Pandemic-related restrictions vary widely from state to state, from county to county, and even from city to city. In some parts of the United States, such as Texas, mask mandates and restrictions on venue capacity have mostly been lifted. In other parts of the country, including Washington, D.C., restrictions on both indoor and outdoor activities remain in place.
What intrusions into the lives of Americans are still legitimate even though the original justifications have weakened or disappeared? Four broad principles can help answer that question, and guide how public authorities should act during the remainder of the pandemic—or, for that matter, if they face another pandemic in the coming years.
1. Restricting Fundamental Rights Requires Extraordinary Reasons
To protect fundamental rights, Americans are usually willing to tolerate all kinds of serious drawbacks. Even during wartime, newspapers are allowed to criticize the government. Even when guilt is evident, a perpetrator may escape a prison term if prosecutors acquired the necessary evidence in an illegitimate manner. And even though forcing people to stay at home would save thousands of lives during flu season every year, Americans may go about their business freely.
Last year, the threat posed by COVID-19 was sufficiently extreme to justify a time-limited restriction of basic liberties. Averting a breakdown of the country’s medical system, in particular, did qualify as what constitutional scholars call “a compelling state interest” in suspending some fundamental rights for a brief period.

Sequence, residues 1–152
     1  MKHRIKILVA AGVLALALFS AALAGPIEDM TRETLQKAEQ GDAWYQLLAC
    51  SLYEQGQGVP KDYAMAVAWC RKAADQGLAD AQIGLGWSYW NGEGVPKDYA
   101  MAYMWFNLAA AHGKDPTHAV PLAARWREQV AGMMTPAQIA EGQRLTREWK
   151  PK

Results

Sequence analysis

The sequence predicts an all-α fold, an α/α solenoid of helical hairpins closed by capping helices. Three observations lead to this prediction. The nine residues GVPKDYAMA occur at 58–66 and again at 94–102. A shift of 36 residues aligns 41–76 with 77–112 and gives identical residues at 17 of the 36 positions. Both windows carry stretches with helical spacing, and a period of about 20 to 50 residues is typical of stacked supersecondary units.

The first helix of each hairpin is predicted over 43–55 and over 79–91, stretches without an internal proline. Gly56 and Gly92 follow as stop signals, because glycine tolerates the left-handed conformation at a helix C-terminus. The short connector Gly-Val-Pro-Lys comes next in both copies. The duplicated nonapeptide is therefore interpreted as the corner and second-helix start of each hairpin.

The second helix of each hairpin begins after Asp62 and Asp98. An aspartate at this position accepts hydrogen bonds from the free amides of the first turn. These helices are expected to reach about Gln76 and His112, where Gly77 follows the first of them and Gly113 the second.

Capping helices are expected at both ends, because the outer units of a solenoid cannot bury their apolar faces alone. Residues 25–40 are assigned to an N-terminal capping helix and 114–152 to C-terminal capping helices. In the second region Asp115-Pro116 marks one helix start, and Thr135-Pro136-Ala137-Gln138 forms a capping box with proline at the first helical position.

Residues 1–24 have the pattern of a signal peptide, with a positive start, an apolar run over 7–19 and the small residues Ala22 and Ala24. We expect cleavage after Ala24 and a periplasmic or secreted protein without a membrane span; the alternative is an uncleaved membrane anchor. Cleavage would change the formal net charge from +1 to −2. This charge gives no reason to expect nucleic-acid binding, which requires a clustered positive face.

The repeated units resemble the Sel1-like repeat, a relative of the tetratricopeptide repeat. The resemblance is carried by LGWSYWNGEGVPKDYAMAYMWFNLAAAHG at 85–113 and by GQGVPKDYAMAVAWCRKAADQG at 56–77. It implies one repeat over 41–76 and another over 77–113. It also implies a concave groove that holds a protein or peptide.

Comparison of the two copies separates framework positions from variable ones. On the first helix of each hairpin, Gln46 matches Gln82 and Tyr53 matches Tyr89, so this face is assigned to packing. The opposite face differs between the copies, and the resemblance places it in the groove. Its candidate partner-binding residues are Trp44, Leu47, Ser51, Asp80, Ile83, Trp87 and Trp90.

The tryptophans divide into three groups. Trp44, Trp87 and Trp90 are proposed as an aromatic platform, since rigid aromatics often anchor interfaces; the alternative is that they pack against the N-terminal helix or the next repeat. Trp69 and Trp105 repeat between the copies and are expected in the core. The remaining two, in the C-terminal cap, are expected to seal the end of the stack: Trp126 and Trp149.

But that brief period is now over. The compelling interest that motivated those restrictions—a breakdown of the medical system—is no longer valid. Restrictions on fundamental freedoms, such as the right to worship or assemble, are no longer justifiable.
2. Resist the Status-Quo Bias
Governments, like individuals, suffer from a strong “status-quo bias.” If a policy is already on the books, they give great weight to its positive effects and concentrate on the potential downsides of changing it. If it has not yet been implemented, they give much less weight to its positive potential, and much more to the problems it might create.
Last year, this status-quo bias made virtually every government around the world reluctant to impose restrictions that could have slowed the spread of the pandemic and allowed them to contain the virus. Now the same bias is tempting governments to sustain extraordinary restrictions. Because lifting restrictions may well result in some additional deaths, public officials are hesitant to give Americans back their basic freedoms.
Relatedly, some who argue in favor of continued restrictions have come up with a new justification for keeping the old rules. We finally have lifesaving vaccines, they say, so we might as well put up with far-reaching restrictions until we achieve herd immunity. But that rationale would imply that the state can restrict basic rights whenever the lives of some of its citizens are at stake—a principle that would give governments an excuse to curtail fundamental freedoms at just about any juncture.